More Terrible Than Death: America’s War in Colombia (Public Affairs, 2004)
More Terrible Than Death is a gripping work that maps the dramatic new relationship between the United States and Colombia in human terms, using portraits of the Colombians and Americans involved, the author’s experiences in Colombia as a writer and human rights investigator and an insider’s analysis of the political realities that shape the expanding war on drugs and the growing U.S. military presence there. Looking at the war from the ground up, interviewing and profiling human rights activists, guerrillas, and paramilitaries to explain how it has changed their lives, Robin Kirk gives depth and meaning to the headlines that leave unexplained the intimate dimension of the U.S./Colombian relationship.
“A vividly written and often mesmerizing first-hand account of the violence” —The Wall Street Journal
Drawing on Peru’s rich history, journalist Robin Kirk combines interviews and personal narrative to present a vivid portrait of this turbulent country. The book opens with her first trip to Peru in 1983, just as the Shining Path guerrillas plunged the nation into sudden, violent change. Amid the horror and loss of war, she finds moving and often marvelous human stories of people from all walks of life. She ends her narrative with the bittersweet return of peasant refugees to their war-ravaged Andean villages.
“This is a compelling memoir of Peru and a rich and persuasive analysis of the Shining Path movement. Kirk’s deeply sympathetic and unsentimental approach to individuals in moments of distress, defeat, confrontation, and discovery give this book broad appeal. A first-rate book.” — Philip Bennett, Foreign Editor, Boston Globe
Sixteenth-century Spanish soldiers described Peru as a land filled with gold and silver, a place of untold wealth. Nineteenth-century travelers wrote of soaring Andean peaks plunging into luxuriant Amazonian canyons of orchids, pythons, and jaguars.The early-twentieth-century American adventurer Hiram Bingham told of the raging rivers and the wild jungles he traversed on his way to rediscovering the “Lost City of the Incas,” Machu Picchu. Seventy years later, news crews from ABC and CBS traveled to Peru to report on merciless terrorists, starving peasants, and Colombian drug runners in the “white gold” rush of the coca trade. As often as not, Peru has been portrayed in broad extremes: as the land of the richest treasures, the bloodiest conquest, the most poignant ballads, and the most violent revolutionaries. This revised and updated second edition of the bestselling Peru Reader offers a deeper understanding of the complex country that lies behind these claims.
Unparalleled in scope, the volume covers Peru’s history from its extraordinary pre-Columbian civilizations to its citizens’ twenty-first-century struggles to achieve dignity and justice in a multicultural nation where Andean, African, Amazonian, Asian, and European traditions meet. The collection presents a vast array of essays, folklore, historical documents, poetry, songs, short stories, autobiographical accounts, and photographs. Works by contemporary Peruvian intellectuals and politicians appear alongside accounts of those whose voices are less often heard—peasants, street vendors, maids, Amazonian Indians, and African-Peruvians. Including some of the most insightful pieces of Western journalism and scholarship about Peru, the selections provide the traveler and specialist alike with a thorough introduction to the country’s astonishing past and challenging present.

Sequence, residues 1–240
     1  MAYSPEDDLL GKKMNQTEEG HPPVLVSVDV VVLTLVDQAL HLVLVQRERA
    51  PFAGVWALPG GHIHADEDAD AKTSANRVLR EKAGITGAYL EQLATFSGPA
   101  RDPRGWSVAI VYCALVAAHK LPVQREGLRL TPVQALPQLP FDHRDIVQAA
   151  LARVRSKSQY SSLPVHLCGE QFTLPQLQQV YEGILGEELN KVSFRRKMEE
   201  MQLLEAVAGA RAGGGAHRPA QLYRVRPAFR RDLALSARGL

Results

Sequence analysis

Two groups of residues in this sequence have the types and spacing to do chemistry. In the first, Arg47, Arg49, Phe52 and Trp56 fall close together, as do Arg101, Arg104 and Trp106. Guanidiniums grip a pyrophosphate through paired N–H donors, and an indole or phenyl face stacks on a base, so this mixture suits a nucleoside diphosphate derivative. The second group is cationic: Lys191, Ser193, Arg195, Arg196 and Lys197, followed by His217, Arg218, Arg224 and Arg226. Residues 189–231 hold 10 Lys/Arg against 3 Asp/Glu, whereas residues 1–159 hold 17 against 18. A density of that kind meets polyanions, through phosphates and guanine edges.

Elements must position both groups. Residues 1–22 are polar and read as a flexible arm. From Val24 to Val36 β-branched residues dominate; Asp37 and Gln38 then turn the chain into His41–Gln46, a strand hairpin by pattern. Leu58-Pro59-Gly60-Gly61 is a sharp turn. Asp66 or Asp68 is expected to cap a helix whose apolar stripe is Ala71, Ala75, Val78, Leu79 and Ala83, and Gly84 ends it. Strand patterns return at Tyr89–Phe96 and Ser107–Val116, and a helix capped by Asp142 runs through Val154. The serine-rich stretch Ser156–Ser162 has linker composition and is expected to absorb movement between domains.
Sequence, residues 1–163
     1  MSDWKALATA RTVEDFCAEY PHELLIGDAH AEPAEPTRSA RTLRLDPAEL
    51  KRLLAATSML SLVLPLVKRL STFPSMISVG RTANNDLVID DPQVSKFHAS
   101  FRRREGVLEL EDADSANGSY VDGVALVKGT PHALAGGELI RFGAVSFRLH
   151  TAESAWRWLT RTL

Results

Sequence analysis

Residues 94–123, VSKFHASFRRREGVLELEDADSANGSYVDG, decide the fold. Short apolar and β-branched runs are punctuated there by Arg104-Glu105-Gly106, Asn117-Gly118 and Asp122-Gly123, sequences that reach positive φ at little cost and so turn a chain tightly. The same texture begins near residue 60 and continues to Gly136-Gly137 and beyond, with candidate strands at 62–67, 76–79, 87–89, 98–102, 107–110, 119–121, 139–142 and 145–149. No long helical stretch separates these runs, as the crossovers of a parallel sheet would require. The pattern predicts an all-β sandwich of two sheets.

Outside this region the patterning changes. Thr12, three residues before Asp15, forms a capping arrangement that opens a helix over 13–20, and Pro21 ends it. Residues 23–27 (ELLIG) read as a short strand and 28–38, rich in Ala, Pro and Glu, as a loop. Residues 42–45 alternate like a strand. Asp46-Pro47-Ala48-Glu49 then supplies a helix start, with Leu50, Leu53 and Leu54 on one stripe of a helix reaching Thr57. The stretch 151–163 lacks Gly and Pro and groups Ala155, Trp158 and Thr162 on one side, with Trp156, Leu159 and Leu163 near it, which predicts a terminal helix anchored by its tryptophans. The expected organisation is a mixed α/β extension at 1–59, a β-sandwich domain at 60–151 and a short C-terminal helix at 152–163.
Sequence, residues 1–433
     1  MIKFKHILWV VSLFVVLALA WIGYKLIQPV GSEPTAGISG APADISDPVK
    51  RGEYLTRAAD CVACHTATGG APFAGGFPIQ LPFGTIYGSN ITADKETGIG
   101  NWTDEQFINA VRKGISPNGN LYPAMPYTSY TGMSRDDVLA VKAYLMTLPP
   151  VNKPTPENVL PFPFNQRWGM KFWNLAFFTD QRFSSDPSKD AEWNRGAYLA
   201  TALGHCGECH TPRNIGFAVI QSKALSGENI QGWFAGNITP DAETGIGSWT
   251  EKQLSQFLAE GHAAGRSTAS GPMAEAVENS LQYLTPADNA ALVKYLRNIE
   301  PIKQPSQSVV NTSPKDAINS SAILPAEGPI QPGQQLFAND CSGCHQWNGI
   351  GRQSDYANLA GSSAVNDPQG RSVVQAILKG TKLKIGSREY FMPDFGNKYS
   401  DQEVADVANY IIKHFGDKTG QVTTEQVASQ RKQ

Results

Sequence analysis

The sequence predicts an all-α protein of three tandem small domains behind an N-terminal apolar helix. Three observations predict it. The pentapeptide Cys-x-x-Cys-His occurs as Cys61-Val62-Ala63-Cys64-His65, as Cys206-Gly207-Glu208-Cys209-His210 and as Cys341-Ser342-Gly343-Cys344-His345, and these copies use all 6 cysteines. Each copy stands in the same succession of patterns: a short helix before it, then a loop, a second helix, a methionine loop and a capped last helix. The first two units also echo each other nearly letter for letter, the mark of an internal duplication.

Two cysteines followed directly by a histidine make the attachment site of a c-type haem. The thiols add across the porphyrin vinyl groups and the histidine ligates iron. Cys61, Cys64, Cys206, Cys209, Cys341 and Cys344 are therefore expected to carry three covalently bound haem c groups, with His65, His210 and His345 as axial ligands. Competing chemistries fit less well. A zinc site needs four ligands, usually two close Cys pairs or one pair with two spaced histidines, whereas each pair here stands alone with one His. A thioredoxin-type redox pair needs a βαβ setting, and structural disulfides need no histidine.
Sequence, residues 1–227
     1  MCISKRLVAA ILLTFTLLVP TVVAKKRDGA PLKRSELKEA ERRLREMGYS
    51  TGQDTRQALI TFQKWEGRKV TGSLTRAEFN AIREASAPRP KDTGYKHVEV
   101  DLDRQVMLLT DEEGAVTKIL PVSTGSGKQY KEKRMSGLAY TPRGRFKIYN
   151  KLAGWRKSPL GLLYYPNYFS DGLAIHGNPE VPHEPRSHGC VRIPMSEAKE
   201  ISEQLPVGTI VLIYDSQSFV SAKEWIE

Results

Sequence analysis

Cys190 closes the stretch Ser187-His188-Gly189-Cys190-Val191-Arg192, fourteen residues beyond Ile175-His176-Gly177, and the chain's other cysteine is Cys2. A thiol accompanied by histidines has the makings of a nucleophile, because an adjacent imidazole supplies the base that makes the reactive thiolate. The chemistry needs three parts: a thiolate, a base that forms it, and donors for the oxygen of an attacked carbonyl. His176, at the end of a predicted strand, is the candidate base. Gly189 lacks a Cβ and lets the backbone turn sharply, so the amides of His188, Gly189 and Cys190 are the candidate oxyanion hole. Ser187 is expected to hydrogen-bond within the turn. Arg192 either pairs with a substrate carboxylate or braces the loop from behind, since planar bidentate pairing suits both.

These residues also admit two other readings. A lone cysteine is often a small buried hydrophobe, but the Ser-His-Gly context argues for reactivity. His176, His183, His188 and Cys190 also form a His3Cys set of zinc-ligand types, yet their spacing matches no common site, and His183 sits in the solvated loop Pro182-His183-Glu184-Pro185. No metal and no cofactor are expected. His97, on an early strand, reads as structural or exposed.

“The Peru Reader is a joy both for Peru specialists and those seeking an introduction to the country’s political and social development…It brings together in English a wide variety of texts, to provide a diversity of views of Peruvians (past and present) about their country, as well as foreign observers…The beauty [is] that the texts speak for themselves, reflecting a multiplicity of views.” —John Crabtree, Journal of Latin American Studies
The first and still definitive reportage on Peru’s Shining Path and the women who rose to positions of command. Unlike other Latin American and Marxist insurgencies, the Shining Path promoted women within its military ranks. Although headed by a man — Abimaél Guzmán, known as Presidente Gonzalo — the group relied on female readership, for reasons that Kirk explores in this fascinating glimpse inside this secretive group at the height of its power. Kirk interviews Shining Path guerrillas, visits Ayacucho, the city where the group was founded, and visits the Shining Path women imprisoned in Lima’s Canto Grande prison. There, they controlled their own cell block and had daily marches where they sang the praises of Presidente Gonzalo in Chinese, learned from Chinese Community Party songbooks. Available in its entirety through Scribd. The English version is a chapter in The Monkey’s Paw (above).
Working at Eversol’s Rest isn’t so different from a dentist’s or a landscaper’s or maybe a realtor’s especially, since that is what the Rest really is, real estate, a piece of the earth to call your own until the world’s actual end. When the dead come up to hold Jesus’s hand, will it be as rags and bone or when they were young and beautiful? I don’t know. I think about that some…
When the alarm buzzed Rosa awake, she knew she wasn’t going to give the old man extra sugars that day. Every Saturday, he asked for ten packets. She had begun calling him Sugar Pop. Nobody in their right mind would dump ten packets day after day into one small Styrofoam cup of coffee… more
Men’s voices rumbled like distant thunder.
His skin prickled. “Evie?” he mumbled. “Evie?”
Something rubbery and heavy pressed to his lips. He strained for a sound that would measure the distance between him and the army. Surely, he would have time to hide. The soldiers had paused to eat, he guessed. Jesson sniffed for smoke, but only caught alcohol and a meaty whiff of blood… more